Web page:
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I was flicking through channels on the TV and started to casually watch Harry Potter and the Sorcerer’s Stone. I’ve seen the movie a million times, of course, but this time I was sketching and therefore listening to it more than watching it.
It really struck me, as John Williams’ brilliant score played in the background, that this music is so much more than a soundtrack. For me and for fans of my generation around the world, it’s the music of our childhood. It’s the music that introduced so many of my friends to the wonders of orchestral music. It’s the music that allowed me, a classical violinist, to spread my love of instrumental music, from John Williams and Hans Zimmer to Beethoven and Brahms, to my friends, who might not have heard that music otherwise.
So, thank you, John Williams, for that. Thank you for making me tear up with feelings of both nostalgia and appreciation for what your music has done for my generation when “Hedwig’s Theme” plays. Thank you for the rush of excitement during “The Quidditch Match” and the wonder of “Hogwarts Forever.” Too often I forget how important music is next to a wonderful story.
YOU HAVE A LESSON
1. Yes. Oh, Mr. Strauss…
2. THAT GIF IS TERRIFYING
But in a good way.
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Listening to Beethoven’s Egmont Overture while studying makes everything seem a lot more epic…
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That moment when you use Shostakovich 5 as an example of music’s analytical commentaries on society in a paper. Yessir, ‘tis a good day.
Saint-Saens: Maestoso from Symphony No. 3 “Organ”
Eugene Ormandy with The Philadelphia Orchestra
Church of St. Francis de Sales, Philadelphia
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Vaughan Williams - Serenade to Music
Queens Hall Orchestra with Sir Henry Wood
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Peteris Vasks - Musica Dolorosa for String Orchestra
Riga Philharmonic Orchestra with Kriss Rusmanis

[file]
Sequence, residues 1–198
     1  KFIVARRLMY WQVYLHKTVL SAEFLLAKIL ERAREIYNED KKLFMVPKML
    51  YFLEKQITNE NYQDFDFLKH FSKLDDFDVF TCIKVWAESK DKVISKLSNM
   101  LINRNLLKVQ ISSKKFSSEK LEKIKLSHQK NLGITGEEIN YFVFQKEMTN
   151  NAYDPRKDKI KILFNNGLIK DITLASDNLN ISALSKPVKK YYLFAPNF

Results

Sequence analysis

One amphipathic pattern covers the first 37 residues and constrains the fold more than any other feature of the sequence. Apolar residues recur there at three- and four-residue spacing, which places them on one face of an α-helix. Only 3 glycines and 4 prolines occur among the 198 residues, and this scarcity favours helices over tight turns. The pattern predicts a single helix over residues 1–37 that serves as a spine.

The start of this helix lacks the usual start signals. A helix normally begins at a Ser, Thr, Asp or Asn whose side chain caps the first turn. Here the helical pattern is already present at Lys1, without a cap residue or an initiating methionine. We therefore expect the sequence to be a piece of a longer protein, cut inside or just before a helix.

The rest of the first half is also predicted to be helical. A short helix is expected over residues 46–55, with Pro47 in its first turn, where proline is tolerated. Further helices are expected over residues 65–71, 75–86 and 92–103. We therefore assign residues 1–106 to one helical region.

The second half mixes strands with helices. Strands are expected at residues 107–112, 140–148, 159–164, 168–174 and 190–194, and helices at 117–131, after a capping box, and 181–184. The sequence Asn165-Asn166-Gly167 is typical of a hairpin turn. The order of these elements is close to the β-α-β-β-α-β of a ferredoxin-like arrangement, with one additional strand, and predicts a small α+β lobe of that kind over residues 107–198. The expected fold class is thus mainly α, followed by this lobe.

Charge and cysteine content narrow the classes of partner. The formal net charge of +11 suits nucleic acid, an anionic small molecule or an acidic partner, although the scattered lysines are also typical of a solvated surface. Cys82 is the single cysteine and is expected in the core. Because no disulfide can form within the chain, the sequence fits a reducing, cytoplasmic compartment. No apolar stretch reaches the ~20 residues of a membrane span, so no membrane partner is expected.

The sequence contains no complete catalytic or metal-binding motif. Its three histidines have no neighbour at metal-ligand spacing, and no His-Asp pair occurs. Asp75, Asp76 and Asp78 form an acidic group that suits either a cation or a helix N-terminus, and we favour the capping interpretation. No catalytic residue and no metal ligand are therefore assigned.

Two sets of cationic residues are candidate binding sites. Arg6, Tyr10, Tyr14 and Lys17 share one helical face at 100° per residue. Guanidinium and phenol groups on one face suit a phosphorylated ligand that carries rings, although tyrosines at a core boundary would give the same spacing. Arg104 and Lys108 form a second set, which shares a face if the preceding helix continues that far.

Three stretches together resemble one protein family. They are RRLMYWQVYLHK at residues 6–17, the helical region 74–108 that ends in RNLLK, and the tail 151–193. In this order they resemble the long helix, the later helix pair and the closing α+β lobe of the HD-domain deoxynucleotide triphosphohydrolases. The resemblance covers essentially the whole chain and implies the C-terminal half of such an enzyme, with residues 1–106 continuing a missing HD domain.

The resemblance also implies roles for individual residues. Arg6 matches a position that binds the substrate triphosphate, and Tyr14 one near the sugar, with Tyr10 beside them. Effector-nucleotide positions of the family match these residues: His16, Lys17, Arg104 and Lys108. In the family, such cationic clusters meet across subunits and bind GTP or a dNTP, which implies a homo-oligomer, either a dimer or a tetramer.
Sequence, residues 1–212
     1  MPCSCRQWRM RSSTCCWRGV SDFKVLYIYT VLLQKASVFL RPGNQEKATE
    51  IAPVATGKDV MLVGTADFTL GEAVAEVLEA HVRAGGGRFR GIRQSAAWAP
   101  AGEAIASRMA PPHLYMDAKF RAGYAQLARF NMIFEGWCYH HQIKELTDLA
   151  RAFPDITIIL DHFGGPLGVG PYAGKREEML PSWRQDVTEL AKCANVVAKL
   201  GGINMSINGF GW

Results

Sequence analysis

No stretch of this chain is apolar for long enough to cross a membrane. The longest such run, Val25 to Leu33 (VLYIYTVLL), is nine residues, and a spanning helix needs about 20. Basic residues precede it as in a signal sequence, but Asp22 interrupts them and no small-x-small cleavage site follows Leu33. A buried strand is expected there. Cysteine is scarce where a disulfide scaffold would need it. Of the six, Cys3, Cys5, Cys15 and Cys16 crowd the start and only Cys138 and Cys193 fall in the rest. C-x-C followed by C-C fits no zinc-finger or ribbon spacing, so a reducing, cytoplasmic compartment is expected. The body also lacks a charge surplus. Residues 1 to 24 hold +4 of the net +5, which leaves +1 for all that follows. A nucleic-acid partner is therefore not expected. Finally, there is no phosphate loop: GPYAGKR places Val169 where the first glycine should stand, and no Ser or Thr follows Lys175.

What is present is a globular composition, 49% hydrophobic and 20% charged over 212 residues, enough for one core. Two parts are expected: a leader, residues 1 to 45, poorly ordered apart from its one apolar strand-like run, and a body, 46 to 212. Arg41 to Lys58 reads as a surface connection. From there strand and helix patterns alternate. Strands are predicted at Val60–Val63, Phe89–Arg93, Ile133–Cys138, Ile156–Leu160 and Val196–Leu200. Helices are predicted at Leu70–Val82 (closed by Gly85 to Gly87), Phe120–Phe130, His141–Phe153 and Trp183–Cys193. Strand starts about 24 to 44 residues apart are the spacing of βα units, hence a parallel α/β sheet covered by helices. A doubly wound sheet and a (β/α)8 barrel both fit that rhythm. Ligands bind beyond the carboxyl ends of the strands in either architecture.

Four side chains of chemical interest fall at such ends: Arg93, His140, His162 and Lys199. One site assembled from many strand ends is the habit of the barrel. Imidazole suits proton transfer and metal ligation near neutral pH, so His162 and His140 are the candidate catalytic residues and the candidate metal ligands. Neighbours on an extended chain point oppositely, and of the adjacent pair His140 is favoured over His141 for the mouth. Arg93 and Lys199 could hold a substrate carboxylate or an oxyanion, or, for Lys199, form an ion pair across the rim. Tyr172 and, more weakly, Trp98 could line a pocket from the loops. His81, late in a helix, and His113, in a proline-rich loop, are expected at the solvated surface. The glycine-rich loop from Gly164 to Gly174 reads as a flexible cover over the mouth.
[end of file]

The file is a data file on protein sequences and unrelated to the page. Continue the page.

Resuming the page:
I came across Vasks several years ago and fell in love with the melancholy and visceral nature of his music. This was the first piece I heard of his. Its false simplicity and battles with harmony and dissonance are what make it special.
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I’m a classical violinist, and grew up with classical music. I have friends who would like to start listening to classical, but are either deterred by the sheer mass of music or start by listening to pieces that are famous but, well, quite possibly boring. Believe me, even the serious classical musicians find some of those Mozart symphonies boring, too.
So I decided to compile a list of 35 orchestral works spanning several eras. It’s a starter list, really, and it has a whole lot of the basics, but it also has some lesser known pieces that got me into classical music when I was a kid. This isn’t supposed to encompass all the monumental works. It just includes pieces that I think are good tools to get people into classical music. It might be helpful if you’re interested in some casual listening, and if you’re already into classical, it might be good to use with your friends who aren’t. Enjoy.
Johann Sebastian Bach: St. Matthew Passion
Johann Sebastian Bach: Toccata and Fugue in d minor
Georg Phillipp Telemann: Water Music
Antonio Vivaldi: Violin Concerto in E “The Four Seasons”
Ludwig van Beethoven: Symphony No. 5
Ludwig van Beethoven: Symphony No. 9
Franz Joseph Haydn: Symphony No. 44 “Trauer”
Wolfgang Amadeus Mozart: Requiem
Franz Schubert: Symphony No. 8 “Unfinished”
Hector Berlioz: The Damnation of Faust
Johannes Brahms: Symphony No. 1
Johannes Brahms: Violin Concerto
Max Bruch: Scottish Fantasy
Anton Bruckner: Symphony No. 6
Antonin Dvorak: Symphony No. 9 “From the New World”
Edward Elgar: Enigma Variationns
Edouard Lalo: Symphony Espagnol
Gustav Mahler: Smyphony No. 5
Modest Mussorgsky: Pictures at an Exhibition
Nikolai Rimsky-Korsakov: Scheherazade
Camille Saint-Saens: Symphony No. 3 “Organ”
Jean Sibelius: Violin Concerto
Jean Sibelius: Finlandia
Pyotr Tchaikovsky: 1812 Overture
Samuel Barber: Adagio for Strings
Bela Bartok: Romanian Folk Dances
Gustav Holst: The Planets
Carl Orff: Carmina Burana
Sergei Rachmaninoff: Piano Concerto No. 2
Ottorino Respighi: The Pines of Rome
Dmitri Shostakovich: Symphony No. 5
Igor Stravinsky: Firebird Suite
Igor Stravinsky: The Rite of Spring
Ralph Vaughan Williams: Variations on a Theme by Thomas Tallis
Ralph Vaughan Williams: The Lark Ascending
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25 Favorite Composers: Day 23 - Richard Strauss
Till Eulenspiegel’s Merry Pranks
25 Favorite Composers: Day Nineteen - Camille Saint-Saens
Symphony No. 3 “Organ” : “Maestoso”
Eugene Ormandy and The Philadelphia Orchestra with Michael Murray, organ
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25 Favorite Composers: Day Two - Anton Bruckner
Symphony No. 6 - First Mvt.
Kubelik with the Bavarian Radio Symphony Orchestra
Outdated but really interesting.
A friend of mine sent me this link to a documentary on The Philadelphia Orchestra’s sound. It’s worth the watch if you either follow the Philadelphians or love orchestral music in general.